- Listen to members. Jim Morrell, CEO of Peninsula Community Federal Credit Union in Puget Sound, Washington, was at the early epicenter of the U.S. COVID-19 crisis. “At first we were anticipating what we could do for them, which really didn’t meet their needs. We came to realize that personal finance is a lot more personal than it is finance.”
- Leverage the power of small. “Getting a few hundred extra bucks into people’s pockets may not seem like a lot, but to the individual consumers, it means everything,” said George Hofheimer, executive vice president of research and development at Filene Research Institute.
Maryland’s SECU Credit Union created a matching grant pool of $300,000 to be dispersed via $500 grants; grant recipients had to show their need was specifically linked to the pandemic. “We had to balance what was a sizable amount to make an impact with spreading it to as many members as we can,” said Becky Smith, EVP, chief strategy and marketing officer at SECU.
#2 – Commitment to Transparency
Ask the average credit union how they make an impact on their community, and many struggle to answer that question. In fact, according to our friends at Filene Research Institute, none of the credit unions they interviewed for a recent report (Choosing Relevance: How Credit Unions Can Harness Transparency and Show Impact) had:
- Quantified the role and impacts of the credit union and its members
- Compared its impact priorities with the objectively known needs of its members and community
- Developed a robust set of sustainability goals and metrics
In short, credit unions don’t tend to truly understand or share their own impact.
Now is a good time to start. Borrow a page from Callhan, which recently urged credit unions to redefine success around the following metrics:
- Employee physical, mental, and financial wellbeing. Most credit unions compete on service and that starts with the people who make you unique. As we navigate through this, how are our teams doing? Is there more we can be doing to support their wellbeing?
- Member physical, mental, and financial wellbeing. How are we investing in helping members navigate this unprecedented time of uncertainty? How do we know if we are actively being part of the solution?
- Community health and stability. For most credit unions, the communities (both geographic and SEG/common bonds) they operate in are suffering. Small businesses may need a helping hand, community organizations need assistance, and people need to feel their wellbeing matters, especially when it is safe to go back outside and start rebuilding bonds.
Consider picking one or two metrics in each bucket, report on them publicly and organize your strategy around them.
Another tool that can help: The Sustainable Development Goals Tracker from B Lab. This assessment tool will help you determine the impact your credit union has on your employees, your community, your members and the environment, and provide feedback that compares you to other organizations and provides a path to improvement, all based on 17 goals that the United Nations set for collectively creating a better world in 2030.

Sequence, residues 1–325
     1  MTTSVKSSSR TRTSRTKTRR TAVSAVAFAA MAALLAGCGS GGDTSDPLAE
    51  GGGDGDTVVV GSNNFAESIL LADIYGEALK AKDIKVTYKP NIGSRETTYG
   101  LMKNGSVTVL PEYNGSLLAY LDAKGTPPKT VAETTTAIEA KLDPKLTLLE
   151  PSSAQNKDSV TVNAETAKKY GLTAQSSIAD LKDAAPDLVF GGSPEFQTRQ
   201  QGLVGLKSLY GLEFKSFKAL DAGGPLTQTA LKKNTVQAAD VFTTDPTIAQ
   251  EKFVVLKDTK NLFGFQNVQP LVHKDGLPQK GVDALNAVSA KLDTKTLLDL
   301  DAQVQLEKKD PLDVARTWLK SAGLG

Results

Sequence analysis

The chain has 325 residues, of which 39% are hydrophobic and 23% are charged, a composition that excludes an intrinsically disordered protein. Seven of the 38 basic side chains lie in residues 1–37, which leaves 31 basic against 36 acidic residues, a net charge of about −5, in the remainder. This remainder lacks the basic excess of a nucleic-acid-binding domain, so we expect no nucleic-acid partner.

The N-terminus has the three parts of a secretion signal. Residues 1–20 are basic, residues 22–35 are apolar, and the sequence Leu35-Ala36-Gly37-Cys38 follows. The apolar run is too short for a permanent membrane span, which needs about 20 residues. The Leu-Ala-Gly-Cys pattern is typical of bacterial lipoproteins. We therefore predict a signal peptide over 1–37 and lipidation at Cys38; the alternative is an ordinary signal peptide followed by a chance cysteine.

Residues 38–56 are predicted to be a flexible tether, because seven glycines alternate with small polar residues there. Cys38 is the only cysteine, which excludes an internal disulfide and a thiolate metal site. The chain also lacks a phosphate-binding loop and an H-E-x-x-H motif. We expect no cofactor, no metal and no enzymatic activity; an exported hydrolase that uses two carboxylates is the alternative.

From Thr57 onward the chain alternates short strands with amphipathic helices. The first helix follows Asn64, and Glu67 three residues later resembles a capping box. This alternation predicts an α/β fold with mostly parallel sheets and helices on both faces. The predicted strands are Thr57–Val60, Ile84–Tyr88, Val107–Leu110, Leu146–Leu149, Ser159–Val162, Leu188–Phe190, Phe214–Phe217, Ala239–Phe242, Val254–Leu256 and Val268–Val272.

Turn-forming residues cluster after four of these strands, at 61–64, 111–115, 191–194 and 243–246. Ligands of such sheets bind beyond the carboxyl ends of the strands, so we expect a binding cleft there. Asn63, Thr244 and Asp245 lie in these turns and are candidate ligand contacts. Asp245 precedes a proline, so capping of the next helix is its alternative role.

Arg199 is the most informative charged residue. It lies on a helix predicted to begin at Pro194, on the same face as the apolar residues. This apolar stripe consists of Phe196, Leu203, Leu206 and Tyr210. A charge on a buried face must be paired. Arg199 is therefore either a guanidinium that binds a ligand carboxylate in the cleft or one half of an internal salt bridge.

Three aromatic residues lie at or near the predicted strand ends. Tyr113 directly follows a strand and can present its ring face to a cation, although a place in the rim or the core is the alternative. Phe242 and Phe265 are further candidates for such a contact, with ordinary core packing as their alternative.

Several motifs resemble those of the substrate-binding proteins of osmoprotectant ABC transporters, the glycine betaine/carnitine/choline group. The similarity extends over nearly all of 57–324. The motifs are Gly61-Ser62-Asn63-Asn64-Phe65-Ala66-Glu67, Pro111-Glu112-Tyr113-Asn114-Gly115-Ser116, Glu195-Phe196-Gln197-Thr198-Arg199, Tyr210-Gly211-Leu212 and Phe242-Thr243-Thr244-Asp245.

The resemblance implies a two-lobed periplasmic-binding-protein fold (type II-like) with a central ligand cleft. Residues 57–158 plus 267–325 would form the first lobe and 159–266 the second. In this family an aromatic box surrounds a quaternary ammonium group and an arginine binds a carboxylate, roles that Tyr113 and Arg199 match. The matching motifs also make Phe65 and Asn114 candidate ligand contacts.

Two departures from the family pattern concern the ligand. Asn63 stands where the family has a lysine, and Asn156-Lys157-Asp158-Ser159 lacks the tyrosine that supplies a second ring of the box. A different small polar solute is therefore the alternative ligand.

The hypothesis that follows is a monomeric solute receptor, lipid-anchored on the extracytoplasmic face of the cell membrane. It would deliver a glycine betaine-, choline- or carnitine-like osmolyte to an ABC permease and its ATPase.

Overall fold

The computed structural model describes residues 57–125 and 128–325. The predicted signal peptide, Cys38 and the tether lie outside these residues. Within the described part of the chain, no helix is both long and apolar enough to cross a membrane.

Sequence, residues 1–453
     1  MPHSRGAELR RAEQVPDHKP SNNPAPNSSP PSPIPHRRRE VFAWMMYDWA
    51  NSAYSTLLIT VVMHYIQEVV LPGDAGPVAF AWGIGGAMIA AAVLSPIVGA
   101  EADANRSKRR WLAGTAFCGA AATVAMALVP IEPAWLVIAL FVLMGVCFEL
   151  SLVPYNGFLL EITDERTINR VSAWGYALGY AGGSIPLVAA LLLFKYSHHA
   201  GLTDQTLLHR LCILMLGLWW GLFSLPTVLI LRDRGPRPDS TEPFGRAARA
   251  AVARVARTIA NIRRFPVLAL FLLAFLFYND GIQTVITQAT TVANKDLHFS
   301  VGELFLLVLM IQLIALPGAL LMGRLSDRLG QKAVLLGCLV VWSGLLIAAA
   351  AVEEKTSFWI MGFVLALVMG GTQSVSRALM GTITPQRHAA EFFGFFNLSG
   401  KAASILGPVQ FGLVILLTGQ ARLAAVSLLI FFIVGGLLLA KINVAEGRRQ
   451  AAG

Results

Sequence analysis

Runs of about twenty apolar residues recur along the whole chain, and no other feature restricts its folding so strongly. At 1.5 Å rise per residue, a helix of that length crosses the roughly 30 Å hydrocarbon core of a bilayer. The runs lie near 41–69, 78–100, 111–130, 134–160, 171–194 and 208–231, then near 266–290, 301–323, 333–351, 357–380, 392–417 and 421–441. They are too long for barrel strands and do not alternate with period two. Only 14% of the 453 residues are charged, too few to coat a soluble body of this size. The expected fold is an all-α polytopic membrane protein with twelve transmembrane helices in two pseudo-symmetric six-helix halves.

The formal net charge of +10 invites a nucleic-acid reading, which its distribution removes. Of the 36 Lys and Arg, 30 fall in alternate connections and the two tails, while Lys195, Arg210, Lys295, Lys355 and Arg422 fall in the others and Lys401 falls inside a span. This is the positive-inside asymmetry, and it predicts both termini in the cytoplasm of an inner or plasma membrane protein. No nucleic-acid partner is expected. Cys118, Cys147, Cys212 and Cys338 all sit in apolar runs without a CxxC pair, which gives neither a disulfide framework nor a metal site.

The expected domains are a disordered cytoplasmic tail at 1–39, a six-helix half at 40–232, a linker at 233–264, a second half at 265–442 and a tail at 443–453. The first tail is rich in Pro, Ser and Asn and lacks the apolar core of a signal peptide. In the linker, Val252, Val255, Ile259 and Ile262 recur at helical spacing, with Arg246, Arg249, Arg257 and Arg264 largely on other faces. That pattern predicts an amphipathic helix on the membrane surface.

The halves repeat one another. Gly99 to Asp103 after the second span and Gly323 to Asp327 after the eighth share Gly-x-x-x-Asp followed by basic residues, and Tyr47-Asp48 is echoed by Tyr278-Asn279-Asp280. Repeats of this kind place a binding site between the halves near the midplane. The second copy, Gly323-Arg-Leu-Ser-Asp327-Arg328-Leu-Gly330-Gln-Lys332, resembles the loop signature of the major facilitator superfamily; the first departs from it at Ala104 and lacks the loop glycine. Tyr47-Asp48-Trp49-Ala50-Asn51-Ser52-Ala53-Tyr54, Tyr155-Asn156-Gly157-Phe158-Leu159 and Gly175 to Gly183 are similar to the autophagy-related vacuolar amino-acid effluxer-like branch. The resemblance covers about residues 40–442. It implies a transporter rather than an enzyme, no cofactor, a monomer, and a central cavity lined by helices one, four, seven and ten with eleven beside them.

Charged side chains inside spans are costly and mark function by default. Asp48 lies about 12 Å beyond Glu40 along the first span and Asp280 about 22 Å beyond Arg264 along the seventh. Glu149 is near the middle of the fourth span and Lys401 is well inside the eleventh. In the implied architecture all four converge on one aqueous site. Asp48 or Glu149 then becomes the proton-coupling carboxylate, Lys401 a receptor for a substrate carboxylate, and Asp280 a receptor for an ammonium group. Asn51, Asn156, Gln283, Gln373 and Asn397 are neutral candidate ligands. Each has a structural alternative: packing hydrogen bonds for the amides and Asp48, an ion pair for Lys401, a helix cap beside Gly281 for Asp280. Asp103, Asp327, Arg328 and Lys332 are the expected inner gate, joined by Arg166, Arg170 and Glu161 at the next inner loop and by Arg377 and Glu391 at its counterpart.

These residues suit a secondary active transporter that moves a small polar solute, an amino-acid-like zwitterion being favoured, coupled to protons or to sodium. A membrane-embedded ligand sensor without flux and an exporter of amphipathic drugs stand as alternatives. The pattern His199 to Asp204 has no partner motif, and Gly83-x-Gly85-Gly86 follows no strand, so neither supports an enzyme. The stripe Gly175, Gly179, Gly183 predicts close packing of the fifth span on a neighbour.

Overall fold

“Credit unions have a great track record around serving (underserved) communities,” said Hofheimer. “Now is the time … to show … credit unions can be a shining light in a pretty dark world.”
#3 – Communicate Memorably
Make this marketing checklist (courtesy of the Harvard Business Review) your go-to:
- Simple and inspiring messaging. Understand community needs and convey your commitment to help.
- Strong visual storytelling. Use a powerful image or video to pull your audience in.
- A physical element or exhibit. During this “Safer at Home” period, this might mean direct mail or an appropriate presence at grocery stores and similar.
- Strong emphasis on social sharing and earned media. Invest time and resources in an ongoing social media campaign that leverages tools appropriate for each channel and commit to delivering credible, valuable content.
- Focus on a big issue coupled with a request for a small personal action. Action = buy-in.
The big take-away from this list: The goal of your marketing efforts isn’t simply to inform members, it’s to engage and reassure them.
Here’s an opportunity to consider: Proactive, ongoing communication with your members–say every week or two–that provides specific tips for navigating the financial aspects of the pandemic. It’s not just about explaining how online banking works, or letting people know that you have a crisis loan (though this is good!), it’s also about explaining how to stretch their stimulus check, effective ideas for managing expenses, and what to do if they can’t get a response from the unemployment office.
We’re all dealing with challenging issues in a dynamic and frightening environment and none of us has a playbook to work from. Lead with cause marketing messages that convey concern, responsiveness, and stability and you’ll go a long way toward reassuring your members in these uncertain times.